The most common question I get from people who aren't generally involved with Perl 6 development is:
"When will Perl 6 be finished?"
In some ways the wording of this question bugs me a bit, because the word "finished" implies there's a point at which we all say "We're done" and development ceases (or at least moves to some other phase). But there really isn't a "finish line" for Perl 6, there are just stages of development at which more and more people are able to make use of whatever is currently available.
So, once we eliminate the notion of "finished", the wording is often changed to try to make it more tractable, often by asking when there will be a "stable release", or when the specification will be frozen so an implementation can be completed, or many other variations on the theme. I understand the assumptions behind questions like these, but at the same time part of me thinks "Huh? Those questions don't really fit with the way things really happen in language development..."
The truth is that language design is an evolutionary process, with the design and implementation efforts serving to influence and guide further progress in the other. (See "whirlpool model".)
But there's another important input to the process: "real-world" application programs. We need to know how Perl 6 is actually being used in order to finish parts of the specification and implementation. Indeed, there are parts of Perl 6 (e.g., concurrency) where the specification is incomplete or underspecified precisely because we need input from people writing Perl 6 applications.
But this poses a problem of sorts, because if programmers are waiting for Perl 6 to "finish" before they start using it to write programs, and if Perl 6 is blocking on feedback from applications and implementations before it can progress, then we have a deadlock of sorts.
So, we need a way to break the deadlock. To me, one good answer is to start making releases of Perl 6 that may not implement the entire Perl 6 specification, but that application writers will feel comfortable enough to start using in their projects. I've started to call these "useful releases" or "usable releases". While it might not have every feature described in the Perl 6 synopses, enough features will be present that can make it a reasonable choice for application programs.
In doing this, I'd like to also refocus conversations to avoid words like "finished" and "stable", because they have such varied and strong meanings in this context.
So, here's what the Rakudo Perl project is going to do:
We will make an "official", intermediate, useful and usable release of Perl 6 (an appropriate subset) by Spring 2010.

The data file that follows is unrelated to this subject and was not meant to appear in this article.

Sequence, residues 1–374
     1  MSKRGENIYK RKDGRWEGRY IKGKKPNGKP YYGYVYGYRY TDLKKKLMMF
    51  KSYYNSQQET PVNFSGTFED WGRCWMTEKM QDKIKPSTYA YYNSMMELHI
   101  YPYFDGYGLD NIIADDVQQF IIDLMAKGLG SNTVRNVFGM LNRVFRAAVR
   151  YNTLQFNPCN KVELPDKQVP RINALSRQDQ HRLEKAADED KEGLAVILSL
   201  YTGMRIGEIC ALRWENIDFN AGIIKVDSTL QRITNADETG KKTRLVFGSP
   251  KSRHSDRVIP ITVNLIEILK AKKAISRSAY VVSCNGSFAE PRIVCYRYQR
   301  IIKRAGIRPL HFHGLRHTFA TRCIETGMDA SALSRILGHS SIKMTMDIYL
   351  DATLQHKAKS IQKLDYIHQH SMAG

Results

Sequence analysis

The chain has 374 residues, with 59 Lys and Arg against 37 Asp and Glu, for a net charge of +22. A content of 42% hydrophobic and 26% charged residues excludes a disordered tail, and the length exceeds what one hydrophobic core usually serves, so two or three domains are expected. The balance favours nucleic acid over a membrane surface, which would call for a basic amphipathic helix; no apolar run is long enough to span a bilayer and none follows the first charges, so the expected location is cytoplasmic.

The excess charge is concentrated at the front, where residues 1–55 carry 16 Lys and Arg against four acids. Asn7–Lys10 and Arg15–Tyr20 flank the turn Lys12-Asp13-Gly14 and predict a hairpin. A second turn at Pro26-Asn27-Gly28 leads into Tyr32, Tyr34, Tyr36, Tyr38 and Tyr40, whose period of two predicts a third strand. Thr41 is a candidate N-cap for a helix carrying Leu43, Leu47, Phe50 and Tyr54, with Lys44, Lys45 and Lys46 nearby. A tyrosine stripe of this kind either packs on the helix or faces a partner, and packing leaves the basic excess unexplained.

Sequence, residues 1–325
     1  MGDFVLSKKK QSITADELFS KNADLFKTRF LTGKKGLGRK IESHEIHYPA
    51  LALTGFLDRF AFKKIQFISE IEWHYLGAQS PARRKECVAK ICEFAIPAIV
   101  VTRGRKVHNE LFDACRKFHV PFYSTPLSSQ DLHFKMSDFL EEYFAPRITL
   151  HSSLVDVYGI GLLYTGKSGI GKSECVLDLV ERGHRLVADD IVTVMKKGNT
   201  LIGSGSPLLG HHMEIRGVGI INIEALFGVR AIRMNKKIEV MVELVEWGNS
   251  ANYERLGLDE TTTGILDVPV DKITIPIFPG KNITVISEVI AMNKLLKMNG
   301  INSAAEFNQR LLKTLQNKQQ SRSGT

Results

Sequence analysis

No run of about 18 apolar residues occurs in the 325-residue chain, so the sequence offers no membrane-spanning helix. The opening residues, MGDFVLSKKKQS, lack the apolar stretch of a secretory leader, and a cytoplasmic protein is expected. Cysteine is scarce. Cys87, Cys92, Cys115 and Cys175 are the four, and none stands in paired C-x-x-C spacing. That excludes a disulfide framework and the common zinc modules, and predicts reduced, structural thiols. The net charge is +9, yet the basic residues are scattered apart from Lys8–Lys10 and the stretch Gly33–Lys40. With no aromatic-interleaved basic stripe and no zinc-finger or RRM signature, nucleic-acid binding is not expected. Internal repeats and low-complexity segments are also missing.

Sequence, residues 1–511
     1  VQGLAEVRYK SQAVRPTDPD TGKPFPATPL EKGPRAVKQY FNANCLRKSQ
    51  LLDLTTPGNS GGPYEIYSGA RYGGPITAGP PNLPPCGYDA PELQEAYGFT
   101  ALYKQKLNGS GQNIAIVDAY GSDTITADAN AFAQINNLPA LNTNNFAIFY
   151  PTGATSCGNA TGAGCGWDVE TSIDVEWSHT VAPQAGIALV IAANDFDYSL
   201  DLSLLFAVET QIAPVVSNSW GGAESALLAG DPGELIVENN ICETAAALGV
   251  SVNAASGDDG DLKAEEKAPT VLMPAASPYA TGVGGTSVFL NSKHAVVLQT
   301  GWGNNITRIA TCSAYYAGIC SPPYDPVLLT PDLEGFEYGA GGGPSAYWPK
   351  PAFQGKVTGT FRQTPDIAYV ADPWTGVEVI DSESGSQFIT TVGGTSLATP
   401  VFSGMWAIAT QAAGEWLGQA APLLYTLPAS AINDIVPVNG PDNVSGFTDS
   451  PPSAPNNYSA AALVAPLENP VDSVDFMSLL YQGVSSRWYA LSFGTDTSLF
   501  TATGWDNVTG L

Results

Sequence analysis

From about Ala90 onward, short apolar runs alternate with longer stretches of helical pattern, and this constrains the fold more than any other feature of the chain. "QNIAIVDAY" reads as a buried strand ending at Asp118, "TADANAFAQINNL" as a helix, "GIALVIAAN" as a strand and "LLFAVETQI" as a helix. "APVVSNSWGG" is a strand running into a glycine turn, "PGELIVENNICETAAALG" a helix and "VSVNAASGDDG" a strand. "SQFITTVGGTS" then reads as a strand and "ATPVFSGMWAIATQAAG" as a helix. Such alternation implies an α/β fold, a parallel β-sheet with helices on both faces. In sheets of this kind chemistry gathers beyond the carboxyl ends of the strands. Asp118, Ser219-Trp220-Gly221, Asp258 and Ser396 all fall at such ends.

Of course, we have to decide what will will be included (and excluded) in this intermediate "official release". At the Rakudo BOF on Monday we held a lively discussion about what the release could look like, what needed to be present, and how it could be packaged. During the hackathons and days following YAPC::EU we'll be drafting and publishing the more detailed blueprint for the release. But one of our guiding principles will be to "under-promise and over-deliver", to make it clear what can be done with the release, and to make it very clear which parts of Perl 6 are not yet supported in the release.
A short list of things we know will be in the release (that Rakudo doesn't already have): use of the STD.pm grammar for parsing, laziness, better support for modules, fewer bugs, better error messages, better speed. Again, our goal is to make something that is reasonable for people to start using, even if it doesn't meet all of the requirements for Perl 6.0.0.
We've also had discussions about what to call the intermediate release. We've considered tagging it as "Rakudo 1.0", but some of us think that the "1.0" name might tend towards "overpromise". We also considered things like "0.5" or "0.9", but these come with the message of "not ready for use", and that's not what the impression we want to make either.
So, yesterday morning I finally got around to thinking about it
as "Rakudo 'whatever'". In Perl 6 the
* term is used to signify
"whatever", so that leads to a working name of "Rakudo *" (or
So, the focus of the Rakudo project is to release "Rakudo Star" in Spring 2010 as a useful (but incomplete) implementation of Perl 6. More details about the features, milestones, and roadmap for this release will be forthcoming over the next few days.
P.S.: Several of our "down-under" community members have pointed out that "Spring 2010" can be a bit ambiguous. I'm using a season (instead of a month) to leave a month or two of wiggle room, but my intention is April 2010. As we get a bit more detail into the plan, we'll identify a specific month.